I came here because I had learned of an area with unusual rock formations, nicknamed "Little Bryce Canyon", and another area called "Goblins" because of its whitish hoodoos. Both areas were said to be located on a long unpaved road north of De Beque.
Incidentally, the town was named for a Dr. De Beque, who came to the area in the 1880s to start a cattle ranch. There is a very large ranch operating in the area, called "High Lonesome", but I have no idea if it is connected to the doctor's ranch.
As I entered town, I was surprised to see a sign proclaiming this to be the "Gateway To Wild Horse Country". There is even a statue of a wild mustang sort of in the center of town.
It didn't take long to find the road leading into the mountains.
This area is known as Dry Fork and the map shows a Dry Fork Church, which I assume is this cabin, the only structure out there other than the ranch buildings.
Just past the church, I spotted a band of horses, but didn't know if they were wild or owned by the ranch. A BLM sign pointing to that area said "Wild Horse Area", so that settled my question. Later, I found the ranch horses were kept in a corral.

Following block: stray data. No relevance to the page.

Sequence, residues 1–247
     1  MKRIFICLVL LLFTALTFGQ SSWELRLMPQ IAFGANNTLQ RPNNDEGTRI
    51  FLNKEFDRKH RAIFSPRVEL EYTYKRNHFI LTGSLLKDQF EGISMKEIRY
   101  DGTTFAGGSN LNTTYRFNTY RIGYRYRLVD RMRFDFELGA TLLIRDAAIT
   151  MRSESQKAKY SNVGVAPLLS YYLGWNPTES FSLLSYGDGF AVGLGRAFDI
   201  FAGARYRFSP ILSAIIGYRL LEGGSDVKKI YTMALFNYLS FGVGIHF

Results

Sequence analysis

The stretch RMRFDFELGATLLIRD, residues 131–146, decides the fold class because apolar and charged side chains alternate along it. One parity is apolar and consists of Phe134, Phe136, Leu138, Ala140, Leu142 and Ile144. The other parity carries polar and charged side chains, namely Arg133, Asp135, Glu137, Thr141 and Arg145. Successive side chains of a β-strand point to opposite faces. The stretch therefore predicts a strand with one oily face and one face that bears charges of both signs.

Some years ago, there was a big controversy over the BLM's proposal to open this area to oil and gas drilling. BLM withdrew the proposal in 2007 after several environmental groups took them to court and won a stay. However, I did encounter numerous oil and gas wells along the road, but it was never clear if they were on private property or public land.
A short distance down the road, I began to see the "Goblins" area, which I think looks a lot like the Bisti Wilderness Area, only much smaller.
I knew from looking at a map earlier that the road circled back to town, some 27 miles away. However, when I came to a fork in the road, the sign didn't indicate which I should take to get back to De Beque. Consequently, the one I took led onto a huge mesa and numerous other forks, all without helpful signage. I ended up at dead ends six times before giving up and back-tracking to the original branch. Three hours on rough roads was made barely tolerable by sightings of wild turkeys, wild horses and plenty of wildflowers.
Ironically, once I returned to the original fork and took the other path, within 100 yards was a small sign indicating town was 19 miles away. At least I got to see more colorful formations on the way back to town.